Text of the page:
- Cost per use: What is the cost per use? Are there consumables such as chemicals that must be ordered and stored?

- Patient/staff acceptance: How will patients and/or staff perceive the technology? Could it help drive patients to the facility?

- Environmental impact: Are toxic materials used in the manufacturing or use of the technology? Does the technology produce waste each time it is used? If any waste is produced, how is it disposed of? What is the cost of that disposal process? Are there any risks associated with the waste? Does the technology have a "green" certification?

- Hidden costs: Are there any hidden costs to using the technology? Is there a cost per use? Does the technology depend on other materials or processes being in place?

- PR benefit: Could the technology be leveraged into a public relations campaign for the facility? Does it address concerns that the public and media have expressed?

- The "Grandma" test: If you grandmother was in the hospital, would you want this technology used?

- Excitement factor: When implementing a new technology, it helps greatly if there is some excitement, or "buzz" around. This will help gather support for the technology and ease the transition to using the new technology.

- Material compatibility: Is the new technology compatible with existing materials? Is there known damage that occurs when the technology is used?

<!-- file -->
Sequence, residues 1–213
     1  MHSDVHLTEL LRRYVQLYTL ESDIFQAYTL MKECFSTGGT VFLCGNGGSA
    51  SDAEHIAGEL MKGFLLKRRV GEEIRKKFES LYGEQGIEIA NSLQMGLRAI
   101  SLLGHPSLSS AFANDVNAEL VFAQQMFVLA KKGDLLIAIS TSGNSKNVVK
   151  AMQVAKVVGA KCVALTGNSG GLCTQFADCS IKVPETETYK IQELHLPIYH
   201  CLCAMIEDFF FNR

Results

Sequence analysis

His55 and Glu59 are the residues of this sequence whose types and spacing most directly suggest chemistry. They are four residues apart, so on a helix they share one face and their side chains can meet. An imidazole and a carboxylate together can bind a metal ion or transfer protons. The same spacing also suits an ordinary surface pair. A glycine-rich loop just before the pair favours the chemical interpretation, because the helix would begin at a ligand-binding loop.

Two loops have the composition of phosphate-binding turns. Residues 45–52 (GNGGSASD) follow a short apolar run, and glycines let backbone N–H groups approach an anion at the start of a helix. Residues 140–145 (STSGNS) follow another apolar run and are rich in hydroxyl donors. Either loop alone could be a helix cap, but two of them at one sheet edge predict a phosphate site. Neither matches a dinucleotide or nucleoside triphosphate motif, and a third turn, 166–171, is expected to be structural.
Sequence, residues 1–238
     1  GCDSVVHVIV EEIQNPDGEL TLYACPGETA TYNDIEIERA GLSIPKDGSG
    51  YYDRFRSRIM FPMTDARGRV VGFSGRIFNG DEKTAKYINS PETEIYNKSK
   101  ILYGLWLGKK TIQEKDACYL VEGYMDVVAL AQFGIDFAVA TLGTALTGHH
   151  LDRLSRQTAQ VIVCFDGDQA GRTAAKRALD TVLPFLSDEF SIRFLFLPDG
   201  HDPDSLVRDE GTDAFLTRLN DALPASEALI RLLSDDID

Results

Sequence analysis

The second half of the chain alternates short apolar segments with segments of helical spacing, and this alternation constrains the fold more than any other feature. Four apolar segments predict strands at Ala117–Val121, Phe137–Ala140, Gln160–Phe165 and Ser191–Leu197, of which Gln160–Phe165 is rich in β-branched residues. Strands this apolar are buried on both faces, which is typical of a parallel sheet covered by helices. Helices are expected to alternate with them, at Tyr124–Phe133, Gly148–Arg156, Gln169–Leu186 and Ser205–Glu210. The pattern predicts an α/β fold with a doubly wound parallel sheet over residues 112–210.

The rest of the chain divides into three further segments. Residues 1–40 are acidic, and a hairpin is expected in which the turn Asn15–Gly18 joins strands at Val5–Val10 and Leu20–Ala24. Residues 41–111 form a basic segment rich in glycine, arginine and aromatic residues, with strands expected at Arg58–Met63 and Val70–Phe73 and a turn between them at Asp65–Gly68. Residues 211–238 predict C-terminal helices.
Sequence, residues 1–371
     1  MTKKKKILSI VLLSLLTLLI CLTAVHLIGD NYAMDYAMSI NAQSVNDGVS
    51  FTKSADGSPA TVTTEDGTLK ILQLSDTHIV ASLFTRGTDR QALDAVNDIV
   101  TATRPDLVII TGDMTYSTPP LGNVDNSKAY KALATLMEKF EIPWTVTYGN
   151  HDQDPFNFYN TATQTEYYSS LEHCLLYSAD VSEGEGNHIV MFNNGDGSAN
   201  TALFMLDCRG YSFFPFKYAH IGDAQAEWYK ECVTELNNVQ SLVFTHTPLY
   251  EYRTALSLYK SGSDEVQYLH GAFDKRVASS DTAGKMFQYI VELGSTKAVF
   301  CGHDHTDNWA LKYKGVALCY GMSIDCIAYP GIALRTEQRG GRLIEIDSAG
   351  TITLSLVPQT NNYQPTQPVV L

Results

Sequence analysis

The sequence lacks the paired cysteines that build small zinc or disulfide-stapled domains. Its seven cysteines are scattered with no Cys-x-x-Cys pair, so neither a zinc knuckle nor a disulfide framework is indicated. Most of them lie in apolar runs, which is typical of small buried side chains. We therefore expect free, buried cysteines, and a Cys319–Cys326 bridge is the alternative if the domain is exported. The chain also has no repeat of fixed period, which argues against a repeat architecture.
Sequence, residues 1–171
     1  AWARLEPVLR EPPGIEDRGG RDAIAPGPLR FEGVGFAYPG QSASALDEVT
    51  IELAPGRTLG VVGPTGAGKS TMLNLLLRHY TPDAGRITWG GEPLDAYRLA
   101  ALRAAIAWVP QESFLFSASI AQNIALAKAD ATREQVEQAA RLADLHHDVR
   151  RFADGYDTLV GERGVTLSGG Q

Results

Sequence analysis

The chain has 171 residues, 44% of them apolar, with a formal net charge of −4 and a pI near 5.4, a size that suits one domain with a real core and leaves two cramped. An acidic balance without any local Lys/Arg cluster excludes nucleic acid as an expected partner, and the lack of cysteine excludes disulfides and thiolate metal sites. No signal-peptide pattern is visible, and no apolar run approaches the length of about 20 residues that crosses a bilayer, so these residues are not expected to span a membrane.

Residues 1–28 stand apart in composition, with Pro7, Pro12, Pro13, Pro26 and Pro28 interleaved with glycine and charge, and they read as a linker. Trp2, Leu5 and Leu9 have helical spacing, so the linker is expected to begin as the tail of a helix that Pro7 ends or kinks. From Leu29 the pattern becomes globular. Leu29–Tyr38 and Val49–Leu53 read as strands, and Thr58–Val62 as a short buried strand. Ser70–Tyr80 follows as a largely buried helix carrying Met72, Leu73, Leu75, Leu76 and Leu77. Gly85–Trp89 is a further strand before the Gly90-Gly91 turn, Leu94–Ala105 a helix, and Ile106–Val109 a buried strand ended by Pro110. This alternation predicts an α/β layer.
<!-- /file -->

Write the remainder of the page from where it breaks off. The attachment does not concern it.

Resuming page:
- Operator safety: Does the technology have safeguards in place to protect the operator? Is any routine exposure to chemicals involved?

- Operator level: What level of expertise does the operator need to have? Will there be problems within the housekeeping staff such as union issues or job classifications?

- Patient acceptance: If a patient heard about the technology, what would he or she think? Would the patient be supportive, skeptical or indifferent?

- Supplier support: Is the supplier easy to communicate with? Can the supply keep up with the demand (especially if consumables are used)?

- Storage: What type of storage space does the new technology require? Are there consumables that would need to be stored?

- Mobility: How portable is the technology in a busy hospital setting?

- Assurances: Does the technology have a monitoring or other system to provide dose assurance? How can you be sure it is working correctly?

- Instructions: Instructions should be easily understandable to people whose first language is not English. Can the instructions for the technology be easily understood? Have efforts been made to make the instructions simple and clear?

- Supplier support and technology durability: What level of support does the supplier offer? Do they offer experts to assist with implementation and monitoring the use of the new technology?

- Warranty: What is the warranty on the technology? What does it cover and how long does it last? Do you have assured "up time" in which the company will provide you with replacement technology within a certain time period? This is important if you are considering making a new technology part of the routine protocols in your facility.